Natasha Coe's February 3, 2010 Facebook status was not a typical one. "I think I may donate one of my kidneys. If anyone knows someone on the waiting list for one, let me know," it read. The response she received is the subject of a documentary called "Does Anybody Need a Kidney?" slated to run at a Milwaukee wellness fair on April 20.
According to the Office Of Minority Health, while 29 percent of the total candidates currently waiting for organ transplants are Black American, they comprised 14 percent of organ donors in 2012. The disparity is not only the reason why Coe, who is biracial, offered up her kidney to Facebook friends -- one of whom was a high school classmate whose stepmom would ultimately receive the organ -- but the reason why she decided to document it the forthcoming film.
"After reading an article and recent events that have happened, I think I may donate one of my kidneys," Coe wrote on Facebook, referencing the death of her ex-boyfriend's uncle from kidney failure, which she later explained is what prompted her to read up on the subject of organ donation and figure out what she could do to help, in an interview with the Milwaukee Journal Sentinel.
"They took my left kidney," Coe told the paper, posing for a photo of a tattoo she got on the left side of her back featuring a kidney with a bright-eyed smile and a green ribbon marking the date of an operation: 4/3/12.
The recipient of the kind act was 60-year-old Debbie Will of Greenfield, Wisconsin who had suffered kidney failure after her second child was born in the 1970s. According to the Sentinel, Will's sister donated a kidney to her in 1979, but it gave out in March 2008, causing her to have dialysis five days a week, for three to four hours at a time, to survive.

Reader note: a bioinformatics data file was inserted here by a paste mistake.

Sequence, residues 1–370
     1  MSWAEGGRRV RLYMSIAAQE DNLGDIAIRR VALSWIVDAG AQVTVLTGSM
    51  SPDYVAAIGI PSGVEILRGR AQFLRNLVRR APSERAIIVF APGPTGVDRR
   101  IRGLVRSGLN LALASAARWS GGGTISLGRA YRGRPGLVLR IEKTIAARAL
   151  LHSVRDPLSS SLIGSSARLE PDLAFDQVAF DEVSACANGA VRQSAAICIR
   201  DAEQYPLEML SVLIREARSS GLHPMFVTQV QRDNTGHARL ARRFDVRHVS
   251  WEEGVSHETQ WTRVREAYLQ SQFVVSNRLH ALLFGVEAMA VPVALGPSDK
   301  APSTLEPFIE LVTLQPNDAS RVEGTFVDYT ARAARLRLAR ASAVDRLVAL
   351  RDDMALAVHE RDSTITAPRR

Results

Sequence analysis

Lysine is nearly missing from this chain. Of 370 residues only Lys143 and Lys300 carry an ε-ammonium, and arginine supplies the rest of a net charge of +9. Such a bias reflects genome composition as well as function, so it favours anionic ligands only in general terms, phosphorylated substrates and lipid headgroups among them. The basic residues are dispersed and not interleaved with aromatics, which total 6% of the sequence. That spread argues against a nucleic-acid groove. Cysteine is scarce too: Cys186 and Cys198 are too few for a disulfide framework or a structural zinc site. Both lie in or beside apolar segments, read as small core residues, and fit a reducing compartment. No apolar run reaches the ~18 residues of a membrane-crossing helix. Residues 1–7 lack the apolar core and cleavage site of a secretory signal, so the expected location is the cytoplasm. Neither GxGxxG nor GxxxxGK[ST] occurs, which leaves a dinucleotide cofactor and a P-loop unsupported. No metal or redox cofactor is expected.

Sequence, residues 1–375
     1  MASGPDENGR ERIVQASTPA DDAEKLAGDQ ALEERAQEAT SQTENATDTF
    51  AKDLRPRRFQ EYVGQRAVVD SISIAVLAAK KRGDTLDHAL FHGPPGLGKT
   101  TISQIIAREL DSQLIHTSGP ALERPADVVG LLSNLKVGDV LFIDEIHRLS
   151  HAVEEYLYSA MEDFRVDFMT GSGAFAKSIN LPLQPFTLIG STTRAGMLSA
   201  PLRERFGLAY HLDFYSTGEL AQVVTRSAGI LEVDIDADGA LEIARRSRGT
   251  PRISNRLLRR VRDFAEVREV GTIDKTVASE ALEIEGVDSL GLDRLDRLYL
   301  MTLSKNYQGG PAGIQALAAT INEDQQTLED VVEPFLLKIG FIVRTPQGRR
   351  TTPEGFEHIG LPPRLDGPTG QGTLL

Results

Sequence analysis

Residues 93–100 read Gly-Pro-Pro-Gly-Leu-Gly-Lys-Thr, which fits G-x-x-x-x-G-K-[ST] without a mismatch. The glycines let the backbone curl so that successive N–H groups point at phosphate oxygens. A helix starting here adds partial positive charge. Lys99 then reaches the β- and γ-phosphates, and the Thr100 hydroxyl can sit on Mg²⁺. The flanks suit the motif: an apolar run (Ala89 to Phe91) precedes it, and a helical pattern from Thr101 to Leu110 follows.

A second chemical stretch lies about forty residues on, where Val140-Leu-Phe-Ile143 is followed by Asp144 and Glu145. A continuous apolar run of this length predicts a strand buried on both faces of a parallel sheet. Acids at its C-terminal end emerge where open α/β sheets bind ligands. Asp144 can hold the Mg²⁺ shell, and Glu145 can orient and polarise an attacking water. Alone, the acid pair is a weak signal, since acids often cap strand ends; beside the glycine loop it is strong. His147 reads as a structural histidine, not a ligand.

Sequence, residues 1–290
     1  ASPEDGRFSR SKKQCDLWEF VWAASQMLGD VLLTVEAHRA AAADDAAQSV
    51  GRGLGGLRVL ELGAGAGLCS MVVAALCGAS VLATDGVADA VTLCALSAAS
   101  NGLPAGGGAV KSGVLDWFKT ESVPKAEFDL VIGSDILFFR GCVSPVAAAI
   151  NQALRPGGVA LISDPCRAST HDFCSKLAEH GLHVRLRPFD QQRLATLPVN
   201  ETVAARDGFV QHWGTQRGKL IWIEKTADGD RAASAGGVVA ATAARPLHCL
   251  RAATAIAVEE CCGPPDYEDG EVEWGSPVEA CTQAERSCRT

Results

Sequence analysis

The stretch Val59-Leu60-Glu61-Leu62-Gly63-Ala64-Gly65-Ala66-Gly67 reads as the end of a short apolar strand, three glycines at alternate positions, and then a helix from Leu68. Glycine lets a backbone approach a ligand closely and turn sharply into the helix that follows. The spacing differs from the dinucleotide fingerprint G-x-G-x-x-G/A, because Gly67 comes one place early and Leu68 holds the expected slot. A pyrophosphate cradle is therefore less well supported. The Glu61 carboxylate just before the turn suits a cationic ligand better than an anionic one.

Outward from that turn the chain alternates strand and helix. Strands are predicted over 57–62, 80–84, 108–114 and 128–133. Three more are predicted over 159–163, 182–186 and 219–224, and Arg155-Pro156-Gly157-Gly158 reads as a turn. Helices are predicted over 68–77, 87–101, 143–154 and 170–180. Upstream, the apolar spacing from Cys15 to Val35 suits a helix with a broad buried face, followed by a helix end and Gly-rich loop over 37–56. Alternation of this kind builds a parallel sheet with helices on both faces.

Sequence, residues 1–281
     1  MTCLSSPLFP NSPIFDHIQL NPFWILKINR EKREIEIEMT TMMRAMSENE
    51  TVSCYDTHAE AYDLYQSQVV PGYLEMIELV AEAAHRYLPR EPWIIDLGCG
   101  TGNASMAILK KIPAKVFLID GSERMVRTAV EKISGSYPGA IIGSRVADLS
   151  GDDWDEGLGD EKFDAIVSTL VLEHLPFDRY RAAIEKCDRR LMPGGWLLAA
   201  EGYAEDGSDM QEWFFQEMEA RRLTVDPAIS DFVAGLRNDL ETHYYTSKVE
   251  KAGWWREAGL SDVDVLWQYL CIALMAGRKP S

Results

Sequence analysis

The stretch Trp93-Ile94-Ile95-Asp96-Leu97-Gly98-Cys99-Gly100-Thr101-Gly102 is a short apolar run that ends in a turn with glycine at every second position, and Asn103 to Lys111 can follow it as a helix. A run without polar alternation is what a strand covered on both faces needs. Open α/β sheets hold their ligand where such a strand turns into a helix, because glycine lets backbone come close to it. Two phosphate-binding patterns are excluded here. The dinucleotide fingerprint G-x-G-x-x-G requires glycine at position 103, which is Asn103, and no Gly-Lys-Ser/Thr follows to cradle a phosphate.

"I thought it was unusual someone would do something like this," Will said, adding that Coe never wavered on her offer once the match was made.
Last year, Facebook CEO Mark Zuckerberg announced a way to boost the number of potential organ donors, introducing a feature that allows users to share their decision to be an organ donor on the website. Upon the feature's debut, 6,000 people enrolled through 22 state registries, registries that typically see less than 400 sign up per day.
In Illinois, Secretary of State Jesse White announced Monday an appeal he's making to African-American churches to help boost the level of organ donations in the state.
According to the U.S. Department of Health and Human Services organ donor website, organs are not matched by race or ethnicity and people of different races and ethnicity "frequently match one another." Everyone will have a greater chance of receiving an organ, however, "if there are large numbers of donors from their racial/ethnic background," the website says.
Check out a preview of Coe's film above, which will be shown April 20 at a wellness fair at Running Rebels Community Organization, the nonprofit where she works with at-risk youths.
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